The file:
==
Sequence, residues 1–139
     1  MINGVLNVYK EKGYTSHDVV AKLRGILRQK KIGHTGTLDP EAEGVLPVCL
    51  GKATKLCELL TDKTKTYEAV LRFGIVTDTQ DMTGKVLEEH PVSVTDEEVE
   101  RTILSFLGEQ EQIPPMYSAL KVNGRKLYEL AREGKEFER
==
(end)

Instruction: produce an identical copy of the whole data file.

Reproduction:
Sequence, residues 1–139
     1  MINGVLNVYK EKGYTSHDVV AKLRGILRQK KIGHTGTLDP EAEGVLPVCL
    51  GKATKLCELL TDKTKTYEAV LRFGIVTDTQ DMTGKVLEEH PVSVTDEEVE
   101  RTILSFLGEQ EQIPPMYSAL KVNGRKLYEL AREGKEFER